By Stuart Rothenberg
We all hear the same names mentioned as prospective running mates for John McCain: former Office of Management and Budget Director and one-time U.S. Trade Representative Rob Portman, Florida Gov. Charlie Crist, South Carolina Gov. Mark Sanford, Minnesota Gov. Tim Pawlenty and even former Pennsylvania Gov. Tom Ridge.
Each one would bring something to the ticket. Some come from crucial swing states that could help McCain reach 270 electoral votes. A number are governors, adding a non- Washington, D.C., piece to the ticket. By most standards, all are good-looking and articulate.
And yet, none of them would change the partisan political equation in the fall election, and I’m not at all sure any of them would increase McCain’s chances of winning in the fall. Certainly none of them would constitute a statement by McCain about his presidency, the kind of statement that would send a message to voters.
There is, however, somebody who would fill that bill and therefore be a near-perfect pick for McCain: Connecticut Sen. Joe Lieberman.
Lieberman, 66, served in the Connecticut House (including a stint as Majority Leader) before winning election as state attorney general. In 1988, he won a Senate seat by upsetting incumbent Sen. Lowell Weicker, a very liberal Republican who was both arrogant and aloof.
After easy re-election victories in 1994 and 2000, Lieberman, of course, narrowly lost renomination in 2006, after anti-war groups and angry voters mobilized behind Democratic primary opponent Ned Lamont. But spurning the pleas of his Democratic colleagues, Lieberman ran for another term as an Independent and defeated Lamont by 10 points, with solid support from the state’s GOP voters.
Lieberman’s selection to McCain’s ticket would send a clear message about bipartisanship and about McCain’s desire to change the way things are done. While the Democratic nominee surely will talk about bringing people together and “change,” a truly bipartisan McCain-Lieberman ticket would trump any and all Democratic rhetoric.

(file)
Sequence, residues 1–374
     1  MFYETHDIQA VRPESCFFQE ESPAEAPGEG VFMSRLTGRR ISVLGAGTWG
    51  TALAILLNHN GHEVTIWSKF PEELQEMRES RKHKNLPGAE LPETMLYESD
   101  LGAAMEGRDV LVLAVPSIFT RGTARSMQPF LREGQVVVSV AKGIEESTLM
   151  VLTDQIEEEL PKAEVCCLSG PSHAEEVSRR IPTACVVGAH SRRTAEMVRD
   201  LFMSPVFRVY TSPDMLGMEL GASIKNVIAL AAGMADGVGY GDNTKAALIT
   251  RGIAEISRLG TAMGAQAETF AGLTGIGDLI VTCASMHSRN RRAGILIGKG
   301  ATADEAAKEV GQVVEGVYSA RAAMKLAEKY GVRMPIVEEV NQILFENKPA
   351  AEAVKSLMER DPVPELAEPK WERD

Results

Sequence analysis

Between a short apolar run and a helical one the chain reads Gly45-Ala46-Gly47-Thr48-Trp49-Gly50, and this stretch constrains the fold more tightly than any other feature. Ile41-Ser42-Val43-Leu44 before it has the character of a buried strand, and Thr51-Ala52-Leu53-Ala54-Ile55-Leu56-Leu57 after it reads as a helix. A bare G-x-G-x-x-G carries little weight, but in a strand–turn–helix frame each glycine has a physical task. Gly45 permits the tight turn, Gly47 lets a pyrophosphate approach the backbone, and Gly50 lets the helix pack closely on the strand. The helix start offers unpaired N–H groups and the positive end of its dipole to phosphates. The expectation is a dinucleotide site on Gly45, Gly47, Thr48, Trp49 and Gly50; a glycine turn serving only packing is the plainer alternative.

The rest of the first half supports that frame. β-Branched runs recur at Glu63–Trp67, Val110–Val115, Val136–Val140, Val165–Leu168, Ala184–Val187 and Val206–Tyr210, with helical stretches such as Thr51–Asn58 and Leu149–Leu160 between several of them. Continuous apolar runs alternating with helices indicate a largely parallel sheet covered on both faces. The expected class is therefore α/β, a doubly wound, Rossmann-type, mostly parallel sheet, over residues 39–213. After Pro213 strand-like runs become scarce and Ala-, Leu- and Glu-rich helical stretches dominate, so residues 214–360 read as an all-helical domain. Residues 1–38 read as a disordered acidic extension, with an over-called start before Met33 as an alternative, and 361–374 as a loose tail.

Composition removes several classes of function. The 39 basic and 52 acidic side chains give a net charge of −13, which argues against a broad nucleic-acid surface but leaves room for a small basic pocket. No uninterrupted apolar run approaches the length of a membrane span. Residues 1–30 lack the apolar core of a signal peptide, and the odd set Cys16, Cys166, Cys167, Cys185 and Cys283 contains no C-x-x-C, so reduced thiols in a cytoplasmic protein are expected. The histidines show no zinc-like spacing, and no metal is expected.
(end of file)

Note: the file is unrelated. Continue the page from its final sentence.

The selection of Lieberman would have particular appeal to independent voters, who are likely to be a key swing group later this year.
Second, Lieberman is clearly ready and able to be president, if need be. Even many of his critics acknowledge that he is a man of accomplishment, experience and integrity. Since Democratic presidential nominee Al Gore selected Lieberman for his running mate in 2000, Democrats would have a hard time attacking the Connecticut Senator on anything but his position on Iraq.
Third, selecting Lieberman would anger both conservatives and Democrats. In other words, it’s a “two-fer” for McCain, who seems to relish those moments when he can stick it to people he doesn’t like. Just think how McCain would chuckle at the thought of annoying both ends of the political spectrum.
But wouldn’t social conservatives, in particular, go bananas, since Lieberman is moderate or liberal on most issues other than Iraq? He supports abortion rights, generally votes with organized labor and is an unapologetic environmentalist. Conservatives would revolt, wouldn’t they?
Probably not. While there would be the usual fist-pounding from some “movement conservatives,” their anger at the selection would quickly dissipate when they saw the fury unleashed by liberals and Democratic bloggers.
When, during the previous cycle’s Senate race, I wrote a column that included some favorable mentions of Lieberman, I was belted by bloggers on the left, all of whom see the Connecticut Senator as a sellout and the chief cheerleader of a war they regard as outrageous. They wouldn’t be able to control their fury, which would both allow McCain to appear reasonable in the face of their anger and make Lieberman more palatable to those on the right.
In addition, McCain strategists could note that Lieberman very publicly criticized Bill Clinton’s relationship with Monica Lewinsky as “immoral” and has spoken over the years about the dangers of violence coming from Hollywood, another conservative bogeyman. That too would placate some conservatives.
And Lieberman is an observant Jew, which would resonate with both evangelicals and Jewish voters.
But doesn’t McCain need someone significantly younger as a running mate? Lieberman is only a few years younger than McCain, so the ticket would be very old, especially compared with the likely Democratic ticket.
Possibly, but does anyone really believe that by picking a 50-year-old governor McCain would erase age as an issue and neutralize the Democrats’ advantage on change? It wouldn’t.
Wouldn’t the selection of Lieberman only emphasize Iraq and McCain’s support for the surge, making an unpopular war even more front and center for McCain?
Of course, but does anyone really believe that Democrats won’t wrap the surge around McCain’s neck if that’s in their interest? It doesn’t matter who McCain picks for his running mate. Even if he picks a governor from Minnesota or South Carolina, McCain owns the surge already.
I don’t expect McCain to pick Lieberman. It’s a quirky pick with risks, some of which I’ve noted in this column. But no matter whom he selects, McCain ought to think outside the box. Picking a younger governor who is acceptable to conservatives but brings little else to the table would be passing up an opportunity to make a statement.
This column first appeared in Roll Call on April 28, 2008. Copyright 2008 © Roll Call Inc. All rights reserved. Reprinted with permission.
Thursday, May 01, 2008
By Stuart Rothenberg